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City-Wide Events: 
 
Father’s Day March for Family Unity Saturday, June 20th 8:00 am starts at Southside Presbyterian Church 317 W. 23rd St. There continue to be about 1,000 deportations a day affecting families throughout the community and nation. Join as communities of faith and conscience come together to celebrate the strength and leadership of the fathers and their families impacted by these policies. The march will depart Southside and proceed to El Tiradito where those who have died crossing the border will be remembered, then return to Southside where there will be refreshments, music, and speeches.
 
Citizens Warehouse Artists Opening Reception Saturday, June 20th 7:00 – 10:00 pm at Etherton Gallery 135 S. 6th Ave. Etherton presents the Citizens Artist Collective, a group of 21 artists working from the Citizens Warehouse building in the Tucson Warehouse Historic District. Working alongside the thunder of the Southern Pacific Railroad — which originally served the 1929 Citizens Transfer and Storage Co. — these artists present work from the midst of "a cherished creative camaraderie."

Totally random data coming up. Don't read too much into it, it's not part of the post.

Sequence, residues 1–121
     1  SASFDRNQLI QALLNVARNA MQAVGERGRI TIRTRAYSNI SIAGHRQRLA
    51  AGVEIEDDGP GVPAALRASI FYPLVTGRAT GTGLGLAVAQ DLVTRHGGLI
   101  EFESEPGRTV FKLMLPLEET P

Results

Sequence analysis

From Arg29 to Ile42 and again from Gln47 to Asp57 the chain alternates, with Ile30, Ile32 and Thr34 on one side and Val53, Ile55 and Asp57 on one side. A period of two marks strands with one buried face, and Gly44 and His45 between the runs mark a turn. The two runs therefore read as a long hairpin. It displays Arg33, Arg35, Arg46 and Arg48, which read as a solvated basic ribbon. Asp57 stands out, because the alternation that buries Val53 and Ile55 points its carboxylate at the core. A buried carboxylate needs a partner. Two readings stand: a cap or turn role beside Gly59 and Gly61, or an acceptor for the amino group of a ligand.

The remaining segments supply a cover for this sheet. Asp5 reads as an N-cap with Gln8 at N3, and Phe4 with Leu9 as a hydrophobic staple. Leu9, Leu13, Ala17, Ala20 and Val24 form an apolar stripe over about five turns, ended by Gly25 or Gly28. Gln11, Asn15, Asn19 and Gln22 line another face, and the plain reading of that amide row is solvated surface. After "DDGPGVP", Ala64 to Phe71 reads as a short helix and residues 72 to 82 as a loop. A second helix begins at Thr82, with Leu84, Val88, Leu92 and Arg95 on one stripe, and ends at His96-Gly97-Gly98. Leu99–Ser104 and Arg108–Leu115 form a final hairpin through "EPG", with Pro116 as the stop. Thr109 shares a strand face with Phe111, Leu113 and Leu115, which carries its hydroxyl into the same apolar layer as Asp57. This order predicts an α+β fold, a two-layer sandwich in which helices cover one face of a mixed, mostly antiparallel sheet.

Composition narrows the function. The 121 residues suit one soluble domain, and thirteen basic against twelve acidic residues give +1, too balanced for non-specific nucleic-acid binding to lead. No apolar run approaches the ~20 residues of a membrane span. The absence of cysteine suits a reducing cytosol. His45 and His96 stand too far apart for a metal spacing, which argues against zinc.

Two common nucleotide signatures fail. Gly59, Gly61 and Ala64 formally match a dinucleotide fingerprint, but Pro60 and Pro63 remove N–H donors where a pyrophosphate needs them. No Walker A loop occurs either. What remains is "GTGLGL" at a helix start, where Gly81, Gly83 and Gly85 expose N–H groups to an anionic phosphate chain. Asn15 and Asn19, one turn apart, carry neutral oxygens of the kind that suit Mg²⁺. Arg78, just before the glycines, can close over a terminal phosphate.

Día de San Juan Fiesta Wednesday, June 24th 5:00 to 10:00 pm Mercado San Agustín 100 S. Avenida Del Convento. A traditional start of Tucson's summer, Día de San Juan celebrates the coming monsoon rain season and honors St. John the Baptist, the patron saint of water. Join a ceremonial procession and the blessing of an altar and enjoy activities including a charreada (Mexican rodeo events), performances by mariachi bands and folklorico dancers, as well as games and activities for children and families. Staged at the corner of Congress Street and Avenida del Convento, west of downtown Tucson, at the Mercado San Agustin retail and restaurant plaza. https://www.facebook.com/El-Dia-de-San-Juan-Fiesta-Tucson-AZ-208228845869696/timeline/